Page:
As we pulled into the parking lot for the National Corvette Museum amid a sprawling complex visible from Interstate 65 in Bowling Green, Kentucky, I noticed flags flapping with emblems on them. John pointed to one he knew well. “That’s my old Corvette club!”
Established in 1967, the Cape Kennedy Corvette Club had an impressive pedigree, its ranks swelled by astronauts who’d been given cars to drive by a local dealership. A fair number of folks at Kennedy Space Center owned Corvettes, and they’d take to racing out on those wide, paved spots between the buildings, where it would be a wink and a nod in response because “it’s the astronauts again.”
John has one of those lust-after vehicles, a 1966 Corvette Stingray that his dad bought used when he was twelve years old. And yes, back in those wild years, Dad raced the astronauts in that powder-blue beauty, his daily driver to work on the Apollo missions.
In Your Bucket Because…
- You own a Corvette, or wish you did.
- All Corvettes are manufactured in Bowling Green, Kentucky.
- You’re fascinated by automotive history.
A Family Thing
The Chevrolet Corvette is a car with its own cult following, which the National Corvette Museum supports with year-round special events, a Hall of Fame, and member organizations such as the Cape Kennedy Corvette Club. “It’s a lifestyle,” is the mantra you see and hear as you walk the halls of the museum, and I’ve found out firsthand how it gets into the family blood.
While my Dad tended towards whopping big mounds of steel – I’ve never felt comfortable in a compact car in my life – John learned to love that Corvette early on. Following in his father’s tire marks, he picked up his first used Corvette early in 1975, and owned four others over the years. He showed them off at the club shows, and even acted as newsletter editor for a spell. When he decided to trim his fleet, only that ’66 Stingray stayed, restored back to its original glory after his Dad decided he was done with it. People still ask him if he’ll sell it to them.
Honoring the Legends
Thus the mystique. There is no car quite like the Corvette. Launched by General Motors in 1953, it was a car you’d expect James Bond to drive, the sleek look fitting for a dashing gentleman with places to be. The Stingray, the second generation of the car, debuted in 1963, with a bolder definition to the body. Upon entering the main museum space, you walk back through time past some of the rarest Corvettes in existence, including the early concept car. One exhibit honors the original assembly line in St. Louis, Missouri. Production started at the GM Bowling Green Corvette Assembly Plant in 1981, and this museum, opened in 1994 across the street.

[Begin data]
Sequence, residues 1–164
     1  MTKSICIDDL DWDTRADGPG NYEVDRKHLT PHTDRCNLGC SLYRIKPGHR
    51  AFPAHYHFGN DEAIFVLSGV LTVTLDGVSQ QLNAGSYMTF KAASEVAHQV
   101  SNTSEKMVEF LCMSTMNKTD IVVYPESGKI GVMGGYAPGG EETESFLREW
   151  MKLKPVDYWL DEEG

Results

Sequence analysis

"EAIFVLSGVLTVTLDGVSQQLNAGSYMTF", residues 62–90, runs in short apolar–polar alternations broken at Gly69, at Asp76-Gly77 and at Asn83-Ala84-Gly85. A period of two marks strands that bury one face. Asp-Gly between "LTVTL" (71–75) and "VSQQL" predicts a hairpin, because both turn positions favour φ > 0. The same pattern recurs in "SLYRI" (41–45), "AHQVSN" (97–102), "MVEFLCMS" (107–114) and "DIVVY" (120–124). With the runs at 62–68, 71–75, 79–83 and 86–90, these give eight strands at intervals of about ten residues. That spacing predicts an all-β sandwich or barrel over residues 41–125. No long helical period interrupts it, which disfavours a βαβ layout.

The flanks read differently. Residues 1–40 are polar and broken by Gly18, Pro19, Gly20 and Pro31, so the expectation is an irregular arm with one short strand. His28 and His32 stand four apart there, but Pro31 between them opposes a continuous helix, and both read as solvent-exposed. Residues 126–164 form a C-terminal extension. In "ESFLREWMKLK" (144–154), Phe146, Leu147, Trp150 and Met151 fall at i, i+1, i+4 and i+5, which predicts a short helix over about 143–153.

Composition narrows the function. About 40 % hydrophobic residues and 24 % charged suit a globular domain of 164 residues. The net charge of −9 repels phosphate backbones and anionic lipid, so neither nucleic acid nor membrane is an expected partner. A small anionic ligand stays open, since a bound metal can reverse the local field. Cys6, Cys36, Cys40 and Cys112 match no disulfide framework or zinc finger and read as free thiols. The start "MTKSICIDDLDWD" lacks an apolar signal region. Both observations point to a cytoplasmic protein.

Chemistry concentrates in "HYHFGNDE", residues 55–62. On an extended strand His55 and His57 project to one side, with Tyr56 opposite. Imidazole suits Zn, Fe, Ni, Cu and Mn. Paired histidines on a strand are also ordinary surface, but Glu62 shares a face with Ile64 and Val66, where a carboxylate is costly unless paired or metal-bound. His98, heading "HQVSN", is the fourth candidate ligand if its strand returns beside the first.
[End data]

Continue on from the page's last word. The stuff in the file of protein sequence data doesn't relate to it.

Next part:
Although it has a good variety of interactive exhibits – plenty to keep the kids amused – much of the museum focuses on the Corvette’s role in racing. One room is a recreated pit crew area; the giant Skydome has a section with pace cars from the Indy 500. The Corvette Hall of Fame honors those who’ve made significant contributions to the Corvette, whether it be through engineering and design, race car driving, or marketing. More than 30 shining vehicles fill this space. Those with a techie background will appreciate the attention to detail shared in the museum gallery on engineering, including clay models and breakaways of the interior to show the chassis and how it is built to be light and strong.
The National Corvette Museum is the only museum of its kind devoted to a single model of vehicle, and the fact it has 35,000 members says something for brand loyalty. Thousands of owners caravanned here for the grand opening, and clubs regularly make the pilgrimage to show their respect. Sixty years of dedicated collecting, research, and sharing by local clubs and individual Corvette owners made this museum the world’s top repository for information on the car, the go-to source for restoration research.
In turn, GM works with the museum to show off its future plans for the Corvette. You’ll see the latest concept cars and some of the truly rare vehicles, including the millionth car to roll off the assembly line, and the only known 1983 Corvette. Just 43 prototype models were built that year before GM decided to hold off selling them due to design changes needed to meet the new California emission standards. While GM told their employees to destroy the cars, someone at the plant managed to hide one for many years until they were promised it wouldn’t be destroyed, and it now sits in a place of honor in the museum.
Before we left, I took a picture of John next to a small display in another place of honor with a photo and a patch from the Cape Kennedy Corvette Club. The patch had had been carried into space on the Space Shuttle, the only Corvette memorabilia to orbit the Earth. Since he’d worked on both the club newsletter and the Space Shuttle program, it seemed more than fitting.
- The National Corvette Museum is open daily, 8-5 CST. Admission is $10 adults, $8 seniors, $5 ages 6-16; active military and ages 5 and under free.
- The museum complex includes the Corvette Cafe, the Corvette Store, and a handful of exhibits that require no admission fee to visit.
- Depending on the schedule at the nearby GM Corvette Assembly Plant, you may also be able to arrange a plant tour at certain times of year. Tours cost $7. Check their website for dates and tickets.
- Ordering a new Corvette? You can opt for delivery to the National Corvette Museum and pick it up with a technician in attendance from the adjacent factory. Choose Museum Delivery Option R8C to pick up your new car at the museum’s showroom floor.
- Work is underway to develop the National Corvette Museum Motorsports Park, a world-class motorsports park on 184 acres adjacent to the museum.